Peacekeeping & Humanitarian
Are humanitarian missions a vital national interest? Possibly. Certainly there is no shortage of natural or man-inflicted devastation to respond to. On the other hand, while many Canadians have bemoaned the seeming demise of Canada’s beloved peacekeeping role (it fits so well with that “good guy” image we have of ourselves), few know the rules of engagement. As Major-General Lewis MacKenzie wrote in FrontLine (War 101: Debunking the Peacekeeping Myth, 2006 #2), “a peacekeeping force has to be invited to the conflict by the belligerents.” This is part of the 1956 definition developed by the United Nations.

Now, in this day and age of multiple aggressors, fighting alongside one group in this area and against them in another, or when nations such as Russia send its soldiers out in unmarked uniforms, or when terrorists are wreaking atrocious and unspeakable violence, tell me, where does Canada see a peacekeeping role in which all parties invite us to keep the peace?

It is truly a sad statement to make, but a realist would have to recognize that the time for peacekeeping, in its present form, may have passed. This is a far harsher world than in Lester B. Pearson’s time.

Recall the rise of Hitler – a threat the entire world eventually recognized as pernicious to freedom. Daesh (ISIS) is just as brutal, if not more so because they boast and rejoice in the torture of human beings.

How long will it take before we stop averting our eyes? Americans are still making excuses for its isolationist stance and taking so long to join the war against Hitler. Will a future Canada be making similar excuses about this time in history? Even Quebeckers are criticizing pulling away from our allies and letting Daesh run free across the Middle East and Northern Africa.

It is important to remember that not every promise made during an election actually has the support of the people who voted for that party. This is one of those. Canada must do what is right.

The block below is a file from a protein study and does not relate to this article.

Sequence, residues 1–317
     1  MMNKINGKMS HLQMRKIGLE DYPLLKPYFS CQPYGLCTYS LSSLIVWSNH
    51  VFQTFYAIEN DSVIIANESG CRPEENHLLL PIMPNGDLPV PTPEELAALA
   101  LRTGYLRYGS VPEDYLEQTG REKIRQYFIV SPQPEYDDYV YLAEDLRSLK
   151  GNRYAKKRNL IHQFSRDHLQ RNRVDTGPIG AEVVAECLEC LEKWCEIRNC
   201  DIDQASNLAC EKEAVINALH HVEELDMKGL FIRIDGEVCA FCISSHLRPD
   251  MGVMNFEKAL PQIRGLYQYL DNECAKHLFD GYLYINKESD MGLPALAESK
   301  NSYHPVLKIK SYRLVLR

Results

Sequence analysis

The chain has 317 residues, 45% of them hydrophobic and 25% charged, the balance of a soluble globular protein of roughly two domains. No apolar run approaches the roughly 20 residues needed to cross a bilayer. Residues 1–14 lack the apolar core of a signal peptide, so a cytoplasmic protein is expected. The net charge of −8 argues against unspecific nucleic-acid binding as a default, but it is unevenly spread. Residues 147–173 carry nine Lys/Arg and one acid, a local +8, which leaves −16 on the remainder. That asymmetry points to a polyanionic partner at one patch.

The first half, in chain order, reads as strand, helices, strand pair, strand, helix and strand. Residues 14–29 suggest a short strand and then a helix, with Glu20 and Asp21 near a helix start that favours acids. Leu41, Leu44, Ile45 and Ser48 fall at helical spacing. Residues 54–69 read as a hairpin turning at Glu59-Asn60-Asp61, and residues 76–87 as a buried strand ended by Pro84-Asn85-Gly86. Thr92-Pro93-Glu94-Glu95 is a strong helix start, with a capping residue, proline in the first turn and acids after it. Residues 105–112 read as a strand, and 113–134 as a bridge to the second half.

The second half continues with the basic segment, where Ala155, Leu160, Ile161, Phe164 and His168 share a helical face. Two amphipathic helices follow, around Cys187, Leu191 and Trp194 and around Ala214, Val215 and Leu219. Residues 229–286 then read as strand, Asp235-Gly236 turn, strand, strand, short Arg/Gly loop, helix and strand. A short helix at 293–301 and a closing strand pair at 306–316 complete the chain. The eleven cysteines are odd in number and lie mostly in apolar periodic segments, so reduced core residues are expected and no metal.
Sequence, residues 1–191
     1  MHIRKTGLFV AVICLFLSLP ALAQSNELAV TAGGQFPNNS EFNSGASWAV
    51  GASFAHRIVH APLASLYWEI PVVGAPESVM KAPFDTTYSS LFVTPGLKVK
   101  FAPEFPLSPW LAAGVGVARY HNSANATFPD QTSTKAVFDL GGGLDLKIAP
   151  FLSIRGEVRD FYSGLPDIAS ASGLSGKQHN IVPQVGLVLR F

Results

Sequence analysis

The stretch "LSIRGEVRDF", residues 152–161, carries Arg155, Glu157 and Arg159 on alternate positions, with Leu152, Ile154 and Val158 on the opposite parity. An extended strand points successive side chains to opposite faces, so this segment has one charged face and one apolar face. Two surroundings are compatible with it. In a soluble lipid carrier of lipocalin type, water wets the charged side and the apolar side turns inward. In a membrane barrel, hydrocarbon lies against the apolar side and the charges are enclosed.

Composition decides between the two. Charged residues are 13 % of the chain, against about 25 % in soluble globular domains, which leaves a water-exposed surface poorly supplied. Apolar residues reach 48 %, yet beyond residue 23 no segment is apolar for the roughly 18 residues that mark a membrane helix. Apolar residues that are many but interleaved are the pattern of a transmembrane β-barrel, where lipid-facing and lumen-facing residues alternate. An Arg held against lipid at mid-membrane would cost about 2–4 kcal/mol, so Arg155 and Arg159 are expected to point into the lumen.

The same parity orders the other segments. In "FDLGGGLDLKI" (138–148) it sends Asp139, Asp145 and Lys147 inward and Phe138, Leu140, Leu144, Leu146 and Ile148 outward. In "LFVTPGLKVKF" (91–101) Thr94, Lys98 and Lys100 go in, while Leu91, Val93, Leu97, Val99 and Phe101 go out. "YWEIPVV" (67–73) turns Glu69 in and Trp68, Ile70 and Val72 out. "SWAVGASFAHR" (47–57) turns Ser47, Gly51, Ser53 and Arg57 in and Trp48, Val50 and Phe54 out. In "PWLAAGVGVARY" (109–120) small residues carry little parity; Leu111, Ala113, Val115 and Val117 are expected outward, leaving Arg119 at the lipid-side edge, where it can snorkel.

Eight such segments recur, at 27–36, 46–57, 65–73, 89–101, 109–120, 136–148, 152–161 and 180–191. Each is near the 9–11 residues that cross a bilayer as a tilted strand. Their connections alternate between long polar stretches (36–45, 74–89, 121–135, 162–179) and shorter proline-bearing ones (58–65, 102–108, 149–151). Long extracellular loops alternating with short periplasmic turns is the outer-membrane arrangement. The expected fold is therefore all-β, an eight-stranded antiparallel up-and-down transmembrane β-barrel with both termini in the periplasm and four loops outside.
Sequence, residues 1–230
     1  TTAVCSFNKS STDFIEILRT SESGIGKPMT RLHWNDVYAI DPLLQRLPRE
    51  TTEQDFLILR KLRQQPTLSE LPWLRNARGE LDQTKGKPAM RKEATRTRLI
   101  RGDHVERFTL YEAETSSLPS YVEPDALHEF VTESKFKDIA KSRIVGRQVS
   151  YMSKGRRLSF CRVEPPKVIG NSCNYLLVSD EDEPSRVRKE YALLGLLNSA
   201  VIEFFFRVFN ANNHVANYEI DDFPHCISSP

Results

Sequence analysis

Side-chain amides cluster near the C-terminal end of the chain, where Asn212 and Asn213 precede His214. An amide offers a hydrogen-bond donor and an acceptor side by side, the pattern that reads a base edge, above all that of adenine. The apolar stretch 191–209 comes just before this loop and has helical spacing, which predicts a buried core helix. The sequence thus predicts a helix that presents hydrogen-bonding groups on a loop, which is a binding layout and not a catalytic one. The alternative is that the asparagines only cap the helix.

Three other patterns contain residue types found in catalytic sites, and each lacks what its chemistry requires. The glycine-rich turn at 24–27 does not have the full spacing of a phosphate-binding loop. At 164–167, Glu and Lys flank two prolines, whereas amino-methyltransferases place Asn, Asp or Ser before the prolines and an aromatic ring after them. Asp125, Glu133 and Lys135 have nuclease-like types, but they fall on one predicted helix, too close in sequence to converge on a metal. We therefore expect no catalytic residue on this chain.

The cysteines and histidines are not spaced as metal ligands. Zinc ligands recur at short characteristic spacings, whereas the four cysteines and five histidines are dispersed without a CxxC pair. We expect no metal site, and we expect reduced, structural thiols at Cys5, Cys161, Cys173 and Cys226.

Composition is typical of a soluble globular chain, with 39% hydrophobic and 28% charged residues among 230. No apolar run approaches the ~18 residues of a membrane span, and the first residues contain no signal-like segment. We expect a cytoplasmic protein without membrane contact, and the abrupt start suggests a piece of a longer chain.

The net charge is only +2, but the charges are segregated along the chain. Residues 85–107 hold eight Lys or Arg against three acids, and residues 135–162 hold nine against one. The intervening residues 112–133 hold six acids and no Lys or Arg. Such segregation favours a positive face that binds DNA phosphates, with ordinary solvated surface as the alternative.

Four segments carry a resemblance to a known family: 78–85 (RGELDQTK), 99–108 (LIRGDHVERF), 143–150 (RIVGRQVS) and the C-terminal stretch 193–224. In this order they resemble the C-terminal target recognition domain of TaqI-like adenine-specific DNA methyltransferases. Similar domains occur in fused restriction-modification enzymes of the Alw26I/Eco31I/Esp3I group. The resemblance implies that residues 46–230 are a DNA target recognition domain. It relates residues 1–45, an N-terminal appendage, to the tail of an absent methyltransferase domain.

To say that joining our allies in trying to destroy ISIS is “not what this country is all about” is to misunderstand Canadians. We actually wanted that “badass” Defence Minister with an effective plan.

Interconnected Policy
Once our Vital National Interests have been identified during this Defence Review, the next step will be a comprehensive new defence policy, foreign policy and national security policy... coordinated and complementary... that relate to and reinforce each other. These policies will help guide all major decisions and define corresponding actions – and hopefully will keep us out of the “freeloader” category.

These three interconnected, interdependent, pieces of the strategic-level policy puzzle must be shaken from their silos and encouraged to work together with a sense of shared of purpose (wouldn’t that be a first?).

There is no shortage of advice bubbling from within the defence industrial sector. Years of frustration have led to many thoughts on how to improve. The problem is, we haven’t had the benefit of national strategies to set out interests and goals in any meaningful way. 

This government has the potential to be different, and has expressed a desire to listen and consider. They seem to, so far, embrace transparency, so we’ll give them the benefit of the doubt

– Chris MacLean